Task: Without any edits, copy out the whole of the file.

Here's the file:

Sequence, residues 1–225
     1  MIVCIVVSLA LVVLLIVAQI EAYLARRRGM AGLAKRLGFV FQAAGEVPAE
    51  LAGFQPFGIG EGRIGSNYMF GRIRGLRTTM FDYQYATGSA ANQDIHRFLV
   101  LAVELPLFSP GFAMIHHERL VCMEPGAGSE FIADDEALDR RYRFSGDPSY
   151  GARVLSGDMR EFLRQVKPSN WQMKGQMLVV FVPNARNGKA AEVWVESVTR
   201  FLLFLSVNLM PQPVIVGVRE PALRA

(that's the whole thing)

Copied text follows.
Sequence, residues 1–225
     1  MIVCIVVSLA LVVLLIVAQI EAYLARRRGM AGLAKRLGFV FQAAGEVPAE
    51  LAGFQPFGIG EGRIGSNYMF GRIRGLRTTM FDYQYATGSA ANQDIHRFLV
   101  LAVELPLFSP GFAMIHHERL VCMEPGAGSE FIADDEALDR RYRFSGDPSY
   151  GARVLSGDMR EFLRQVKPSN WQMKGQMLVV FVPNARNGKA AEVWVESVTR
   201  FLLFLSVNLM PQPVIVGVRE PALRA